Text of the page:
Tuesday, November 08, 2005


Tom was eating a piece of cherry pie and drinking a cup of black coffee. He could hear the old couple in the booth behind him arguing about something they had seen falling from the sky when they were driving down the mountain road that lead into this town. Tom wasn't intentionally eavesdropping, it was just that the old man was hard of hearing and if the volume was any indication, his wife wasn't much better. Tom felt his jaw muscles clench as he set his cup back in it's saucer harder than he'd meant to, he felt so irritated. He thought it was probably because Sheryle was late picking him up and he hated feeling trapped and dependent on someone else. Besides, someone was always thinking they had seen something up in the mountains above town, strange lights, or strange animals. People just wanted to see something that relieved the boredom of their lives.

Old people were the worst, you would think at their age they would have learned better, but here this couple was, making something out of nothing. Maybe he was lucky after all. If Sheryle had shown up when she was supposed to, she'd probably be poking her nose in, getting the old folks to tell her all about it. God, Tom could just see it. They'd all be animated, their eyes suddenly bright as light bulbs on a Christmas tree just before they burned out. Sheryle would be waving her hands around and asking "deep" and "meaningful" questions, leading them on. She was always saying how she was a people person, but Tom believed he must not count as a person anymore. He felt he had been reduced to a pair of ears and a head that could nod or shake as needed. She talked, he listened, nothing more.

Tom suddenly felt queasy. Too much coffee he thought and reached for the roll of antacids he kept in his shirt pocket.

At least the old people were getting ready to leave. They stood by their table digging for change in pockets and purse, digging for keys, digging for cough drops. All this digging and doddering seemed to go on forever until they finally made their snail trek towards the diner's register. Even before they had managed to get halfway there, their booth was taken over by a batch of teenage kids bumping about. Tom could feel them telegraphing their energy through the red plastic seat, the random awkward bumps were snapping at his last nerve. The kids were just as loud as the old farts, but harder to understand.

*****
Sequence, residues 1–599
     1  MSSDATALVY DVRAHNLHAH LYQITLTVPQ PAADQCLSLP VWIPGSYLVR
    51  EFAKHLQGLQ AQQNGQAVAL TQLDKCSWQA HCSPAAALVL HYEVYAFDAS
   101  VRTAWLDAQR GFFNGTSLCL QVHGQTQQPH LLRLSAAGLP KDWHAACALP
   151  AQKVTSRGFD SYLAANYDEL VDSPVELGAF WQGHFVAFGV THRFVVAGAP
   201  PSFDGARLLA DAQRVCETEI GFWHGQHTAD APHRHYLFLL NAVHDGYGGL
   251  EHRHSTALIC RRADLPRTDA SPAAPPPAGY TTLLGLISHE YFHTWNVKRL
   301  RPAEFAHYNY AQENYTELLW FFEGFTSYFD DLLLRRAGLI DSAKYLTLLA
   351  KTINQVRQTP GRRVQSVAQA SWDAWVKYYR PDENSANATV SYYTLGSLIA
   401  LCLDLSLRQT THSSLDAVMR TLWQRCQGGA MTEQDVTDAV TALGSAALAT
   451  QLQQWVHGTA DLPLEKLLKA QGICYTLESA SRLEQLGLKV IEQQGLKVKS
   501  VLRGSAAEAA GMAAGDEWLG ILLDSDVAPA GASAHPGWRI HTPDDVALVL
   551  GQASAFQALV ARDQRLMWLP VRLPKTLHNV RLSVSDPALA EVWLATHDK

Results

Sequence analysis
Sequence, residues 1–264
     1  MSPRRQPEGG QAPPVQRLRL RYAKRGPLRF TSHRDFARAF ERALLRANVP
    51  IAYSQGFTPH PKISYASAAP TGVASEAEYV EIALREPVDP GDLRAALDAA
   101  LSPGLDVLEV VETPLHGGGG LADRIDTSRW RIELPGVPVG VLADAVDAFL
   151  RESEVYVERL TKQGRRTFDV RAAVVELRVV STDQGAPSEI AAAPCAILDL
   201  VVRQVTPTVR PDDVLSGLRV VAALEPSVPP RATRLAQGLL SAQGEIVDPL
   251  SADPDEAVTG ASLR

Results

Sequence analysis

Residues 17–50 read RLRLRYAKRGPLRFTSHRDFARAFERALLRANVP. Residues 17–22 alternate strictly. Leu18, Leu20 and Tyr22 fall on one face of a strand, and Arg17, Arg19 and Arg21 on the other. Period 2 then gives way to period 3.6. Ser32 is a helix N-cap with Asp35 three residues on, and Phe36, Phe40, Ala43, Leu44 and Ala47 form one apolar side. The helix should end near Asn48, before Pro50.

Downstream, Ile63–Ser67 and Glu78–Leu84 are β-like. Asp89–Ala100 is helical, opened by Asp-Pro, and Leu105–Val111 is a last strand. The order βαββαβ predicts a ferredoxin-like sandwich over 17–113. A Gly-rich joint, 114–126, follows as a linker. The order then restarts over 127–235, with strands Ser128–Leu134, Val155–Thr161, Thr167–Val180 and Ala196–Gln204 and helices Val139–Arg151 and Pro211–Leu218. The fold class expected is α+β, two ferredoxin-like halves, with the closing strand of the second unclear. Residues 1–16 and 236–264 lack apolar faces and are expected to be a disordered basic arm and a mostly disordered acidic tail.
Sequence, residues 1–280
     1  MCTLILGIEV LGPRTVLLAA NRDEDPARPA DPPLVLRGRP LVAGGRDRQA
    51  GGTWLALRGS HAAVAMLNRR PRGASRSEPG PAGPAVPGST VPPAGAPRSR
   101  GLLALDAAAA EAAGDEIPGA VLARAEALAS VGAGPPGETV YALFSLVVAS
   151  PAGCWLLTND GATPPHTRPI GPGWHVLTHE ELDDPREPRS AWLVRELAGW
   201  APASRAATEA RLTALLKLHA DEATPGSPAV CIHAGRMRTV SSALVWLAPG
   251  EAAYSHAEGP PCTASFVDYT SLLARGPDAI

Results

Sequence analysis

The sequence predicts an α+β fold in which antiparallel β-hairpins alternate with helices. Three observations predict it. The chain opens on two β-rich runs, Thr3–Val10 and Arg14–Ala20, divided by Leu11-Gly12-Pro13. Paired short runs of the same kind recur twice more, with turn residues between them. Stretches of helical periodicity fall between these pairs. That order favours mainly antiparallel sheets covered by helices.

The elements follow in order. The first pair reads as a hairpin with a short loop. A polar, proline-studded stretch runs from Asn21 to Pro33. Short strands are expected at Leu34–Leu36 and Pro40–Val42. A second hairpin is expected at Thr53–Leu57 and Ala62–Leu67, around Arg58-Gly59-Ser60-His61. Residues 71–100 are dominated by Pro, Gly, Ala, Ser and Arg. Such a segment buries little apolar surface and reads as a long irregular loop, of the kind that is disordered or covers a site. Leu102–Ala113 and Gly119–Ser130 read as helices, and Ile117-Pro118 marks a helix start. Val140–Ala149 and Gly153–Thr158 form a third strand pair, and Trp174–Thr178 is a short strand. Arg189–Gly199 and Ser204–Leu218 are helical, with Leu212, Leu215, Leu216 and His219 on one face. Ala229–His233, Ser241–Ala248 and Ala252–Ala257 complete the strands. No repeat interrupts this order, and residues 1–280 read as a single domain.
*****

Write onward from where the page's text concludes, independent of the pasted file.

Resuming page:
Tom pulled the foil tab off one of those horrid pots of fake cream and dumped it into his coffee. He wished the waitress would come by and get the kids order. Maybe then he could snag her for more coffee, and if the kids got something to put in their mouths, perhaps they would settle down. Lord they were wound up, what was their drama all about he wondered. The kid's language was nearly incomprehensible but Tom understood that was the point of the secret code of the young. He also knew in time, the "dogs" and "yo's" of today would go the way of "blast " and "groovy" of the past. Cool now, embarrassing later, Dodo words.

"That's what I'm talking about." declared the bulky kid with a shaved head. Tom had already gotten a face full of the black spider tattooed on the back of it a couple of times as the kid had bounced in the seat. "Man that thing was sick, why'd I have to forget my phone tonight? Maybe we could have gotten a video clip or something, then they'd have to believe us! We could have shown Sheriff Jackson..." His voice trailed off.
"Yeah right," the soft blond girl sitting across from spider-head said with a snort, "The sheriff would think we were idiots. Look, it was probably some kid in a costume out pranking and you dudes were just lame enough to fall for it. Whoever it was, is probably laughing his ass off right now".

"Whatever, but I'm telling ya..."

Spider-head's personal thoughts on the subject were cut off in mid sentence by a shriek from the old woman by the register. Everyone in the diner turned as one great beast, to see what event had brought about this most interesting occurrence. She screamed again stunning everyone and they remained stunned as they witnessed the cause of her distress. Stunned and silent. You could hear every dime, nickle and penny of change drop slowly from her hand. She shrieked again and ran, ran like she had been hit by an electric cattle prod, ran like she was six years old again. Ran for the door with her old man right behind her, a couple of geriatric football players who knew the score.

Tom slowly set his coffee cup back down and rubbed his eyes. If this was what the kids were talking about, no wonder they were so excited. This might even cause ol' Sheryle to shut up for once.

Right here, in plain sight of Tom and everyone else, was a thing they all knew about from fiction. They'd all heard of it, everyone had seen pictures, seen it on TV, in cartoons and in the movies. Their kids drew crayon drawings of it and believed it could talk to you, but no-one could believe it would come shuffling right in here, into this diner where nothing of real interest ever happened.

Man if this was a kid in a costume, Tom thought, he was good. It would have to be a kid, because it was only half the size of a man. It was almost colorless, white, somewhat human shaped but with long skinny arms and the wrong number of fingers. It had an impossible nose, like no human would ever have without some serious surgery. It's mouth was just a slit. Tom couldn't tell for sure but it didn't look like it had any lips or ears, but then, he didn't expect any. It was the eyes that Tom couldn't stop staring at. Big and black, with no irises, no whites, just big black eyes imbedded into its pale face. The eyes didn't move, but the head did, it was turning, scanning the room, as the arms gently waved about. Tom thought it looked as it was trying to say something, as if it was in distress.

"Help" a word from the creature drifted into the silence. Tom thought he could hear it whisper "lost, hot". Tom could swear he heard it sob, "Sick, help me." He believed it said, "Lost.", again but the word was covered up by the sound of Joe coming out to the front with bags of ice from the big cooler in the back room. Tom could plainly hear the big stainless steel door snick shut, and then all hell broke loose.